In 2016, FinCEN started issuing Residential Real Estate Geographic Targeting Orders (GTOs) to address the money laundering risk in non-financed residential real estate transactions. The Residential Real Estate GTOs “require title insurance companies to file reports and maintain records concerning non-financed” residential real estate transactions above a given price in certain metropolitan areas. Through the Residential Real Estate GTOs, FinCEN confirmed the risk of money laundering in non-financed residential real estate transactions. FinCEN uses the data from Residential Real Estate GTOs to study the “money laundering typology” and to support money laundering investigations conducted by law enforcement partners. Despite the reported success of the Residential Real Estate GTOs, FinCEN describes them as a “temporary information collection measure” and not a permanent policy solution.

Current Regulatory Environment

FinCEN issued an ANPRM in 2021 to solicit comments on AML regulations for residential real estate. Commenters had mixed thoughts on the value of full AML/CFT obligations for people involved in residential real estate transactions. A few commenters suggested attaching AML/CFT requirements to existing processes, such as the IRS Form 1099-S or expanding the Residential Real Estate GTOs.

Separate from this rulemaking, FinCEN’s final rule Beneficial Ownership Reporting Requirements (“BOI Reporting Rule”) took effect on January 1, 2024. The BOI Reporting Rule requires certain entities to file reports with FinCEN: beneficial owners of an entity; and individuals who have filed with the government to create or register an entity to do business. Like this proposal, the BOI Reporting Rule aims to combat money laundering and corruption through legal entities, while minimizing the effect on small businesses.

This Proposed Rule

This proposed rule would create a new report called the Real Estate Report which designated reporting persons would file for reportable transfers. The Real Estate Report is a streamlined version of the SAR form associated with AML/CFT requirements. For non-financed residential real estate transactions, FinCEN chose a modified reporting requirement because many entities involved in these transactions are small businesses that lack the capacity to administer AML/CFT programs. The Real Estate Report would collect information including the reporting persons in the transaction, transferee entities and trusts, signing individuals, transferors, the residential property itself, and reportable payments. The reporting requirements FinCEN proposes would replace the Residential Real Estate GTOs.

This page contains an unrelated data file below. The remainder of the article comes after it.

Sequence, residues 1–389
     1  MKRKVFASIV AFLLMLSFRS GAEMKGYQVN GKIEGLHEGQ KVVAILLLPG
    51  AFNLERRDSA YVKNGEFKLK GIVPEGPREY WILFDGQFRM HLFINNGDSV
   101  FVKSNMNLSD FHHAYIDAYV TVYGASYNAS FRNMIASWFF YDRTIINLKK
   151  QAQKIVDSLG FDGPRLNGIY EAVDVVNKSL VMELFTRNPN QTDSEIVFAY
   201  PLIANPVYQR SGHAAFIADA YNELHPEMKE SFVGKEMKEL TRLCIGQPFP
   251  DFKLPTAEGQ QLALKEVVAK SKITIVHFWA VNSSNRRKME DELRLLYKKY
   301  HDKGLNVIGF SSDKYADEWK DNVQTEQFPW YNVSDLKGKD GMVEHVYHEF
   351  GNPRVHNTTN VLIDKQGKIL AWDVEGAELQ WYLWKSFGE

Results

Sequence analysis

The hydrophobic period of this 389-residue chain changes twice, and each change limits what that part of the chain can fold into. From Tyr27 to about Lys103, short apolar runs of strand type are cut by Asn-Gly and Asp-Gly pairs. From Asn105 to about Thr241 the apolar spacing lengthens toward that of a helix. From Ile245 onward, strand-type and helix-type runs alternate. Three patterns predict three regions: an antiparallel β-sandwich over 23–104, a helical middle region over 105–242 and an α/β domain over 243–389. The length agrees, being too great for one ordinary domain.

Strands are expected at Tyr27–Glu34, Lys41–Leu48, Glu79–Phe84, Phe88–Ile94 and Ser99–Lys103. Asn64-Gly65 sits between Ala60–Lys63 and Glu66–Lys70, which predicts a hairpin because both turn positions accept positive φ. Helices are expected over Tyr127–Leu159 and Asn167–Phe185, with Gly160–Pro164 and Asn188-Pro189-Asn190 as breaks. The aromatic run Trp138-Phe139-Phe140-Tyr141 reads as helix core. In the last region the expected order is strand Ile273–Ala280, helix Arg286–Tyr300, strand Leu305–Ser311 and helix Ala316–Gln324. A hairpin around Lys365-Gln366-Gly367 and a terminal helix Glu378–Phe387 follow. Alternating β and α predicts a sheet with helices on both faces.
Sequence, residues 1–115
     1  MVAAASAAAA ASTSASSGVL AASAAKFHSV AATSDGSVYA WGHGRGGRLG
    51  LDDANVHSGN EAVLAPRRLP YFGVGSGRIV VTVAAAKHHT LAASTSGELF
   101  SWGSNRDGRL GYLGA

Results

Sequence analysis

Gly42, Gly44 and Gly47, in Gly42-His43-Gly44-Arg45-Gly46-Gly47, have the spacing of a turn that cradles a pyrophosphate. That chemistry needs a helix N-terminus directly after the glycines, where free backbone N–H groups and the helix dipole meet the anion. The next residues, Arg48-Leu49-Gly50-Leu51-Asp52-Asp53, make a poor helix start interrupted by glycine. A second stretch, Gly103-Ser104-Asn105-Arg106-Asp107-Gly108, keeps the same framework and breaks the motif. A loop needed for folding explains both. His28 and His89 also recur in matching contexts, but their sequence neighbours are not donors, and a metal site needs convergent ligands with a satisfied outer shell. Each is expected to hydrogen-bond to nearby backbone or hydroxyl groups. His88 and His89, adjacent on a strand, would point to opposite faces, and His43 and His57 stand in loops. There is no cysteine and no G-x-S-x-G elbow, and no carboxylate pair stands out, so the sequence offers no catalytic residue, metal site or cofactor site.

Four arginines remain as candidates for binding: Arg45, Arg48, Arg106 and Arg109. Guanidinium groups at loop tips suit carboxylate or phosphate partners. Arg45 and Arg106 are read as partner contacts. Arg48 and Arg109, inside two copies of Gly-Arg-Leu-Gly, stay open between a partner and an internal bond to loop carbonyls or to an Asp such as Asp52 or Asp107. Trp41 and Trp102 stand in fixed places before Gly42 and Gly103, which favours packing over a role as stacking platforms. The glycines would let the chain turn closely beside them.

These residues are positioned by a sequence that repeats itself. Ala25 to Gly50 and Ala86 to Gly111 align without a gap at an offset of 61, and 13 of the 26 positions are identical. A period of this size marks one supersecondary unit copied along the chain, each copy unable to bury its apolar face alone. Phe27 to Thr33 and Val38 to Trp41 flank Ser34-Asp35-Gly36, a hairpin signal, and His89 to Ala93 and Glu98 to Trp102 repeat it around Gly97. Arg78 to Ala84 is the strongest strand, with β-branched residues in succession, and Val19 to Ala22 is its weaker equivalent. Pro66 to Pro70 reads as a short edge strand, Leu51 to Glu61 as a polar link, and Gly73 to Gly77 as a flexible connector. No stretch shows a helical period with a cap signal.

What Are Reportable Transfers?

Reportable transfers are “a transfer of any ownership interest in residential real property to a transferee entity or transferee trust,” with exceptions for some lower-risk transactions. The proposed rule would create exceptions for financed transfers—when someone gets a line of credit to complete the transaction—and for low risk transfers due to circumstances such as easements, death, or divorce. FinCEN explicitly states that there are no exceptions based on property value or price threshold; FinCEN claims that criminals “do not exclusively invest in luxury or high-value property,” and any price threshold could be abused by bad actors.

Who Are Reporting Persons?

The reporting person for a transaction is the person responsible for filling out the Real Estate Report. They can either be identified through a cascading reporting order (the “reporting cascade”) or through a written agreement between the parties involved in the transaction. Only one person must submit the report for the transaction. If determined through the reporting cascade, the reporting person is the person with the highest level of duties listed in the reporting cascade who is involved in the transaction. The proposal states, “Although potential reporting persons will likely communicate with each other regarding the need to file a report, there would be no requirement to verify that any other potential reporting person in fact filed it.”

Regulatory Analysis

General Comments

Opportunities for Sensitivity Analysis